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Vehicle Spray Painting - Part 2. HVLP Sprayer

Following the debacle of the "Paint matched while you wait" episode, some internet research turned up a supplier of automotive paint, Following some email correspondence with them (they were extremely helpful) I settled on the colour "Rioja Red" which is actually a Land Rover colour.

Now, how to apply the paint? I've previously tried spray-painting and really disliked the process. Paint went absolutely everywhere - and not only that, the amount of thinners required to clean up afterwards was astounding. I found that using a small paint roller was a much more controlled method. Of course because the paint is not designed for roller application one has to work rapidly - and not only that, it's difficult to get into some nooks and crannies. Unless you use a brush, of course, but that leaves brush-strokes which rather defeats the purpose.

Around this time we visited a friend of ours who builds wooden kayaks as a hobby. She suggested I try an HVLP Sprayer.

Having shopped around, I managed to get an Earlex Spraystation at a good price. The rear body was the first object to be attempted, having already been stripped of the old paint. (The key to a good finish is proper surface preparation).

Using an HVLP Sprayer

Instructions? What are they? Oh, that bit of paper that was thrown away when the machine was taken out of the box? Never mind.

So, fill tin with paint after having checked the viscosity using the small plastic funnel. It takes about a litre. In my case, the instructions on the paint tin for the etch primer said not to dilute it. It seemed runny enough anyway.

I switched on the machine, pointed the nozzle at the panel, and pressed the trigger.

I immediately had two problems. First, the amount of paint spray ejected by the nozzle would have made Chernobyl jealous. Whooooosh! The paint container was half empty in the first five seconds. I stopped spraying, turned the nozzle flow screw all the way in, then backed it off about half a turn. Much better.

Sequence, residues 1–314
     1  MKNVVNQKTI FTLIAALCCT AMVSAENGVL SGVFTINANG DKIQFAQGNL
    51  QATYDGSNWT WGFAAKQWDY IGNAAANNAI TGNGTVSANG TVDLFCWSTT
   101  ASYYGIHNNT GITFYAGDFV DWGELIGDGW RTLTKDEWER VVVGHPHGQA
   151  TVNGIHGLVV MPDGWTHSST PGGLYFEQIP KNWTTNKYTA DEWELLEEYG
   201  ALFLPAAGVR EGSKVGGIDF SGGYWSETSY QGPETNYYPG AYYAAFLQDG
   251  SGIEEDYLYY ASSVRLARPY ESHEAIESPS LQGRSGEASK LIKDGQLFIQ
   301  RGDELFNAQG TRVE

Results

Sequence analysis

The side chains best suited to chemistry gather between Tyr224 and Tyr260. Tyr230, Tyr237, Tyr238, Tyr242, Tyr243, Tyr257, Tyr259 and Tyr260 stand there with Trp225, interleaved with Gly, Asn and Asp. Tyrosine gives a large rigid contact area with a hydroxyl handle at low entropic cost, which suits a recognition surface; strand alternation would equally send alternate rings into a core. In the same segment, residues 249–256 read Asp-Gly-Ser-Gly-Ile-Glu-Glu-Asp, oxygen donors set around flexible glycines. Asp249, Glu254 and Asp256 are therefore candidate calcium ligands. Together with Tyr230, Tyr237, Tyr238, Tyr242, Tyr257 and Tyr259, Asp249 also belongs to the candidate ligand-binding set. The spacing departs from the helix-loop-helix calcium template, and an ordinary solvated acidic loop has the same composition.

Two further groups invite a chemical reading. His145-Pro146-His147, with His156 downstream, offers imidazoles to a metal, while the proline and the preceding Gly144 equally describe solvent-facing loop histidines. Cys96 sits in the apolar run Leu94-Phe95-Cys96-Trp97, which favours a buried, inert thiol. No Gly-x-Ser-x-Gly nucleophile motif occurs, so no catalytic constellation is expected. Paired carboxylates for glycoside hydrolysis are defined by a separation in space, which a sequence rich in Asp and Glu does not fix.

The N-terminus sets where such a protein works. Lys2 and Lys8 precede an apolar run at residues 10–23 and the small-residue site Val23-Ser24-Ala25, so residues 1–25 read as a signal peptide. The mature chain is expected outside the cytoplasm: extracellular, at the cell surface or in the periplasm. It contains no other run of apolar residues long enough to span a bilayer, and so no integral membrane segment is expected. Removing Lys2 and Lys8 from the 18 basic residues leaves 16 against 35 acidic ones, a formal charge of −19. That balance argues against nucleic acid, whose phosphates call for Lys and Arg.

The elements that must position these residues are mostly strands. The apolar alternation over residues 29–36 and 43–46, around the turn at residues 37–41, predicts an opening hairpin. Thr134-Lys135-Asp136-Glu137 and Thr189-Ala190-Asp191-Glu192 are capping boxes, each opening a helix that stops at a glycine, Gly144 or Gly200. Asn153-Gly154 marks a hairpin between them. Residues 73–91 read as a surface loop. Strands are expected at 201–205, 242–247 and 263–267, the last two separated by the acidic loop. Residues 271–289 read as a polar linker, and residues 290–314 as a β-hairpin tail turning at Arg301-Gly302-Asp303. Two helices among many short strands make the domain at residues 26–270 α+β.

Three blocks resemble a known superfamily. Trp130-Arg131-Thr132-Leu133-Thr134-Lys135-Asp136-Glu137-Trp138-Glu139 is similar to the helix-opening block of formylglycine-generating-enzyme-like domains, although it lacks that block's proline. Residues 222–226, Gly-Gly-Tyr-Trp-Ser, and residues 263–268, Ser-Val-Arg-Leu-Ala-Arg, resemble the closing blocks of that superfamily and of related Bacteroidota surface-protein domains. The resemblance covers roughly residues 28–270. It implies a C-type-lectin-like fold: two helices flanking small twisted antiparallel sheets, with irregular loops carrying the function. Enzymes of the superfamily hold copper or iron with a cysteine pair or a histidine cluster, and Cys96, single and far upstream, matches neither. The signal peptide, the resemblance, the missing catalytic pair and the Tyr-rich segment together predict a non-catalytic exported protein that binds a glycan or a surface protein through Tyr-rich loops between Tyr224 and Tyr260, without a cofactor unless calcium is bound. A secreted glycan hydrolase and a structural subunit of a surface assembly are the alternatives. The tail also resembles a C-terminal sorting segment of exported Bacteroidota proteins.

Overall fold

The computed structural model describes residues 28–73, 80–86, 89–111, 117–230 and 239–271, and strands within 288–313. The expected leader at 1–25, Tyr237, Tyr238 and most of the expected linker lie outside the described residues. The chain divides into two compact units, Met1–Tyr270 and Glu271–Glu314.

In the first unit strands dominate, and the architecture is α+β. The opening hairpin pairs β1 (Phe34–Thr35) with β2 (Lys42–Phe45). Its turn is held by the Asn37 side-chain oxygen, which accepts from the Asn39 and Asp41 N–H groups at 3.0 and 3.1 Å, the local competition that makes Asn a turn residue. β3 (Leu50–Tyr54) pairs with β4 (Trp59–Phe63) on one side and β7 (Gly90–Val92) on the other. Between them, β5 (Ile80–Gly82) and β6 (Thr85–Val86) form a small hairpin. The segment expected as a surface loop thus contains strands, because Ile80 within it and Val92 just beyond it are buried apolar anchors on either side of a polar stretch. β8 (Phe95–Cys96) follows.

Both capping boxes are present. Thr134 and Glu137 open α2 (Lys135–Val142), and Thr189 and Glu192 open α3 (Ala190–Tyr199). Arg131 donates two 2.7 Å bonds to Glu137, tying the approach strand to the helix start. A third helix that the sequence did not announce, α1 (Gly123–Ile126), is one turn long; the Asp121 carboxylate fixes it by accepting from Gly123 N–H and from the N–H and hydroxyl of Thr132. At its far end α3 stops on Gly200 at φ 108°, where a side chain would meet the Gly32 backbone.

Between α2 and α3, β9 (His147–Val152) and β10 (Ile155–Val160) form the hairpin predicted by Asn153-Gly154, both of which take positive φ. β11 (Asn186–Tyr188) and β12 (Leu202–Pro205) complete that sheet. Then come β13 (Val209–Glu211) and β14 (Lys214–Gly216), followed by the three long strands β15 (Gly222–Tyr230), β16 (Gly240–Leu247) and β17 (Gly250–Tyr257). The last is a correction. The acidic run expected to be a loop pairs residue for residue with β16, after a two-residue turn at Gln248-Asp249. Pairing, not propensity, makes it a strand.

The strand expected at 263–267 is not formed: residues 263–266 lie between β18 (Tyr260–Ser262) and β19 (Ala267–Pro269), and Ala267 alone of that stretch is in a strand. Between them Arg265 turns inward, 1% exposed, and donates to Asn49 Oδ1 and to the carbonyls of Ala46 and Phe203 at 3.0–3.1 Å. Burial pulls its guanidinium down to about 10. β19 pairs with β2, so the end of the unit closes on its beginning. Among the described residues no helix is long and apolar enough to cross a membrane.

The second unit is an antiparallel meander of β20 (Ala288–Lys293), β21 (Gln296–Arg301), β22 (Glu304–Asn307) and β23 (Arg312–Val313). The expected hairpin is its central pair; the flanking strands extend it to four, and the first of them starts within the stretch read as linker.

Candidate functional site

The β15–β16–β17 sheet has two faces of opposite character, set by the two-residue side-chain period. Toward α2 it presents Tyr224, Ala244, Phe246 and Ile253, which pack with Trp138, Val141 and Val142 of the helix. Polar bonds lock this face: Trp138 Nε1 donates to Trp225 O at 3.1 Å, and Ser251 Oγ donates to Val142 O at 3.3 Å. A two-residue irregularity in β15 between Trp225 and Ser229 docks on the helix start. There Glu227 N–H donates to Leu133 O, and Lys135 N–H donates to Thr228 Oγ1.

The second problem was that the volume of air through the hose seemed to be pressurising the can. Duh, obviously that's how it works. The problem was, paint was running out from under the rim. There goes the rest of the tin. Having done half a side of the rear tub, the tin was empty. When I refilled it, I saw the problem. It is extremely easy to cross-thread the paint container when fitting it to the gun section, and that was what had happened.

The second attempt was much better.

So, some tips on using one of these machines:

  1. Make sure the tin is fully sealed to the gun and not cross-threaded
  2. Turn the volume control clockwise all the way until it stops, then gradually back it off until you have the correct volume of paint coming out of the gun.

For the smaller panels I used an old plastic greenhouse as a spray booth. I set it up in the concreted back garden, with a few old sheets to cover the floor.

Plastic spray booth

Overall, I was quite impressed. There's much less overspray than with a conventional spraygun. Although I still dislike cleaning the equipment, I'm now a convert from using a paint roller. An HVLP sprayer can be used for varnishes and ordinary water-based paint too; for example painting a garden fence. I have yet to try it out in repainting a room though.

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